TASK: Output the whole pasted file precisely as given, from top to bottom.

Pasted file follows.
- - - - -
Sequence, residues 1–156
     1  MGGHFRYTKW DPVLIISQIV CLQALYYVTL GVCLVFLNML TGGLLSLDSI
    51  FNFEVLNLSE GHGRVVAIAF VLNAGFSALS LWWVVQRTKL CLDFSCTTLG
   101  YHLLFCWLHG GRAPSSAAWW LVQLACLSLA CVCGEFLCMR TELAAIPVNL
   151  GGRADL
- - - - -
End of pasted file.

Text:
Sequence, residues 1–156
     1  MGGHFRYTKW DPVLIISQIV CLQALYYVTL GVCLVFLNML TGGLLSLDSI
    51  FNFEVLNLSE GHGRVVAIAF VLNAGFSALS LWWVVQRTKL CLDFSCTTLG
   101  YHLLFCWLHG GRAPSSAAWW LVQLACLSLA CVCGEFLCMR TELAAIPVNL
   151  GGRADL